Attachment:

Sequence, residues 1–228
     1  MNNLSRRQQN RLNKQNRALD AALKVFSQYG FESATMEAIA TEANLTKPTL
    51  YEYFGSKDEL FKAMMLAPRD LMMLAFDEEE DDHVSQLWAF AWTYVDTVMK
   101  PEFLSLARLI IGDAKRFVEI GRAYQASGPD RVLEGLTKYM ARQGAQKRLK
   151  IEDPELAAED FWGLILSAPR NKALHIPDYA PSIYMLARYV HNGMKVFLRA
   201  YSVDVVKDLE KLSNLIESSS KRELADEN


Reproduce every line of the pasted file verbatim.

Sequence, residues 1–228
     1  MNNLSRRQQN RLNKQNRALD AALKVFSQYG FESATMEAIA TEANLTKPTL
    51  YEYFGSKDEL FKAMMLAPRD LMMLAFDEEE DDHVSQLWAF AWTYVDTVMK
   101  PEFLSLARLI IGDAKRFVEI GRAYQASGPD RVLEGLTKYM ARQGAQKRLK
   151  IEDPELAAED FWGLILSAPR NKALHIPDYA PSIYMLARYV HNGMKVFLRA
   201  YSVDVVKDLE KLSNLIESSS KRELADEN